Time to Talk Day: start a conversation about mental health

Thursday 1st February 2024 is Time to Talk Day, when everyone is encouraged to have a conversation about mental health.

Thursday 1st February 2024 is Time to Talk DaySpearheaded by leading mental health charities Mind and Rethink Mental Illness, in partnership with Co-op, Time to Talk Day encourages friends, families, colleagues and communities to come together to talk, listen and make positive change.

Across the UK, Time to Talk Day is delivered by different charities, including See Me in Scotland, Inspire in Northern Ireland and Time to Change Wales.

First launched in 2014, the idea behind Time to Talk Day is the more we talk about our mental health, the more we can improve and support our general wellbeing.

Time to Talk Day highlights the importance of starting a conversation about mental healthThe charities acknowledge that starting a conversation about mental health is not always easy, and that it can be difficult to reveal how you are really feeling. But the key message is that “a conversation has the power to change lives.”

Time to Talk Day is designed to help instigate those conversations.

Originally conceived as part of the campaign Time to Change, the national awareness day was also launched by Mind and Rethink Mental Illness to help end mental health stigma and discrimination.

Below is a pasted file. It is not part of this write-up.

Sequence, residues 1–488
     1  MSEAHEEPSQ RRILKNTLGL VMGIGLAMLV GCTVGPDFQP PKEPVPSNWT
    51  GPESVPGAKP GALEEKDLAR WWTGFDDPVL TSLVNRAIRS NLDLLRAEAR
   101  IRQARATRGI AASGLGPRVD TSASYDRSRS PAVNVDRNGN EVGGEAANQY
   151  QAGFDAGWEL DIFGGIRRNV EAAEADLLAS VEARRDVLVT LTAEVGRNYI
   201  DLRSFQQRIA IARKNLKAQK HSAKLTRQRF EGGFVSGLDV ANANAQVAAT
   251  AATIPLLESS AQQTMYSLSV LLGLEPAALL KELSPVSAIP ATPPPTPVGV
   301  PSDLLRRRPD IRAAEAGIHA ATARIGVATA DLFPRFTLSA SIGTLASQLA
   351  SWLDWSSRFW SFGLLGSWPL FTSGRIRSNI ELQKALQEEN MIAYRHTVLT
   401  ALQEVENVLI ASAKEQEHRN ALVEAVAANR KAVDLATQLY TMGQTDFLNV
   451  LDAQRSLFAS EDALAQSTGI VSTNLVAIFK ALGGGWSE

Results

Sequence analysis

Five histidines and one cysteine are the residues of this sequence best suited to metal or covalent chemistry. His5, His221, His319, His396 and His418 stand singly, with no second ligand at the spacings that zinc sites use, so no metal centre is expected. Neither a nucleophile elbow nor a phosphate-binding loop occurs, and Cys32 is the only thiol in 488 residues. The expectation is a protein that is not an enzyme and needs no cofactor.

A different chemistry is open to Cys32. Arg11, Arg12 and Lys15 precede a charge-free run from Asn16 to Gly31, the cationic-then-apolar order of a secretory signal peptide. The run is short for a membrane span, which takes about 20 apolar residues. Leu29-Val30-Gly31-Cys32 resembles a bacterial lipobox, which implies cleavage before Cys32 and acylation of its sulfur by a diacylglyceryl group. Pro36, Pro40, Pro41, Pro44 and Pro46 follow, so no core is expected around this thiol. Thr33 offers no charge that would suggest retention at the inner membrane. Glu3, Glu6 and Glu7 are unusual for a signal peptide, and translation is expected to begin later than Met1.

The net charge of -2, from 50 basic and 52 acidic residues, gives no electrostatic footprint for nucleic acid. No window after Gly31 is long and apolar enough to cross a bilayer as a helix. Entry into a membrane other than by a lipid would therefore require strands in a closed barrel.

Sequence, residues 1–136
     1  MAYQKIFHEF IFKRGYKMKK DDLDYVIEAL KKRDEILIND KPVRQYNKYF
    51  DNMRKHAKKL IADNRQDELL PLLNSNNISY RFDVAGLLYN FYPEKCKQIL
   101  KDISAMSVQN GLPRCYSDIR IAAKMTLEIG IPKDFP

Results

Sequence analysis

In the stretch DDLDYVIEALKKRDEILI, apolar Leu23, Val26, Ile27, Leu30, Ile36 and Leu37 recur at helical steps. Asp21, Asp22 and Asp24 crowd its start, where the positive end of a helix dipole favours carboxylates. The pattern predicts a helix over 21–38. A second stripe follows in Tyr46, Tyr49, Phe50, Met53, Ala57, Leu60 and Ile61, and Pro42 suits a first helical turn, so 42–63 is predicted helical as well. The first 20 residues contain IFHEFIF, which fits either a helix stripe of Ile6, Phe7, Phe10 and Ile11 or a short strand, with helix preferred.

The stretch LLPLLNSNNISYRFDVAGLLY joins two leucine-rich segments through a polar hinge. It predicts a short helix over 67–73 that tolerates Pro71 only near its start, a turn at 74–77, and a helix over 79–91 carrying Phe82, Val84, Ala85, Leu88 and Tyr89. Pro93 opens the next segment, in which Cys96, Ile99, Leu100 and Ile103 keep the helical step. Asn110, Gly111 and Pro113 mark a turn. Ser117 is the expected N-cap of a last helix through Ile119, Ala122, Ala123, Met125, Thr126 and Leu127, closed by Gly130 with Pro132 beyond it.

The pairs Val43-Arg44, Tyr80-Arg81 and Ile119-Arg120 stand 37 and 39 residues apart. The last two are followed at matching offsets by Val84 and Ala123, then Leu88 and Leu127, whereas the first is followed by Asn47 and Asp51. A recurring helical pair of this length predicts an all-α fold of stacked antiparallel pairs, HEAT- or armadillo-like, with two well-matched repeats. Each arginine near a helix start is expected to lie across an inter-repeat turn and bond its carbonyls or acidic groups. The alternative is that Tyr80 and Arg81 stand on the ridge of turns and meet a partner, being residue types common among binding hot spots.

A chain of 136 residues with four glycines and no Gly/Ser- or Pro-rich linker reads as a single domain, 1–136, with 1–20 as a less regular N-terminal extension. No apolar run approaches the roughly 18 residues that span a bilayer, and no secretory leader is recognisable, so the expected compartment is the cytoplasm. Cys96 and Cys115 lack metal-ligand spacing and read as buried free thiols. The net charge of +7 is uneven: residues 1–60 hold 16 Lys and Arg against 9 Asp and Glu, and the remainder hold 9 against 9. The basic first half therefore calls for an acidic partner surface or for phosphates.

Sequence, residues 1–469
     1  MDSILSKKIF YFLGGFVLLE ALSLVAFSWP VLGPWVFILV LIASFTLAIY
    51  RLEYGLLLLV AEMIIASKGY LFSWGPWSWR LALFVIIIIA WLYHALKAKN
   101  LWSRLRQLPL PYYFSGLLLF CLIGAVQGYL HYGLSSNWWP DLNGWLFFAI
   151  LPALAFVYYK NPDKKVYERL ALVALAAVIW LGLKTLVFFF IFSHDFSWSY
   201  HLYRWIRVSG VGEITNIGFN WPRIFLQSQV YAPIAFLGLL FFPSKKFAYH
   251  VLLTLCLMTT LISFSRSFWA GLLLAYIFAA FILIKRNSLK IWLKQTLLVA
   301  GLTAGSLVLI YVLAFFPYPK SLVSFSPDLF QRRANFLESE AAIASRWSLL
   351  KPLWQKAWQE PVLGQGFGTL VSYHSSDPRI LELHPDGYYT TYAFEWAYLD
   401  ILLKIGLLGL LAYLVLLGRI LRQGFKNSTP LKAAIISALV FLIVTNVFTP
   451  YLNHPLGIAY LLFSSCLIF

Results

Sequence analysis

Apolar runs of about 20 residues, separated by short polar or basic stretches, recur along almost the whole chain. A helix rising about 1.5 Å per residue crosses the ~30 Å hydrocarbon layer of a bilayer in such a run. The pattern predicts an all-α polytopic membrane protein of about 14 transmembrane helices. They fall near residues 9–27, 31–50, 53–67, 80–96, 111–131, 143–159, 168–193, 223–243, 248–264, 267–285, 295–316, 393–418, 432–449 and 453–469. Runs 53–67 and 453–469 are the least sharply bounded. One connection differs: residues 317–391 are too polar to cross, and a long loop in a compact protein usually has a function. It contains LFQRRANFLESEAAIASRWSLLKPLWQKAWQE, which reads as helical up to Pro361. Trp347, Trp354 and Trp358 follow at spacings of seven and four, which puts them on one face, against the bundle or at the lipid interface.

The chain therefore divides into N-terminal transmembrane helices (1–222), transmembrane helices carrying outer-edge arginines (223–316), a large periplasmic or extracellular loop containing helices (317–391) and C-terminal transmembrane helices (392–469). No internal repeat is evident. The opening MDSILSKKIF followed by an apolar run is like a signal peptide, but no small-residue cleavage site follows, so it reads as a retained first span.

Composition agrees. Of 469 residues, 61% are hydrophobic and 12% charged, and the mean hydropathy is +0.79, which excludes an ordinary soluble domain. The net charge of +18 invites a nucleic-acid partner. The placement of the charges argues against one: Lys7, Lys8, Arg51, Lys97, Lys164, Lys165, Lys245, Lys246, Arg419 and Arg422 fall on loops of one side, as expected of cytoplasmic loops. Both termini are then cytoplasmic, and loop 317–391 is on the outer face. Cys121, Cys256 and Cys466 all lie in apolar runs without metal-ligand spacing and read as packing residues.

Statistics suggest that 1 in 4 adults will experience a mental health problem each year. This equates to around 15 million people. Talking openly about mental health helps to reduce the stigma surrounding it, so that all those affected by mental health struggles feel empowered to seek help when they need it most.

Take part in Time to Talk Day

The charity partners provide free resources for schools, workplaces, youth and community groups and individuals, to help them get the most out of the day. These include posters, social media images, conversation starters, bunting and other supporting materials.

Time to Talk Day is run by charity partners across the UKPeople are encouraged to take part in Time to Talk Day and help start conversations about mental health through hosting special walks or ‘tea and talk’ and ‘lunch and learn’ events in community centres, offices and other spaces.

The dedicated Time to Talk website provides information and more ideas for community groups, sports clubs, employers, schools, colleges, universities and youth groups.

Individuals can also participate in Time to Talk Day 2024 by simply posting on social media, using the hashtag #TimeToTalk. The website includes post ideas to help get people talking about mental health.

How to start a conversation this Time to Talk Day

The site also includes some key advice for starting a conversation about mental wellbeing. Their tips include:

  1. Ask questions and listen– asking questions can give the person opportunity and encouragement to express how they’re feeling and can help you to understand their experiences better. Focus on asking open, non-judgmental questions, such as ‘how do you feel about that?’
  2. Think about the time and place– It can be easier to start a tricky conversation if you’re not sat face-to-face with the person. You could try starting a chat when you’re walking, cooking or sat in traffic.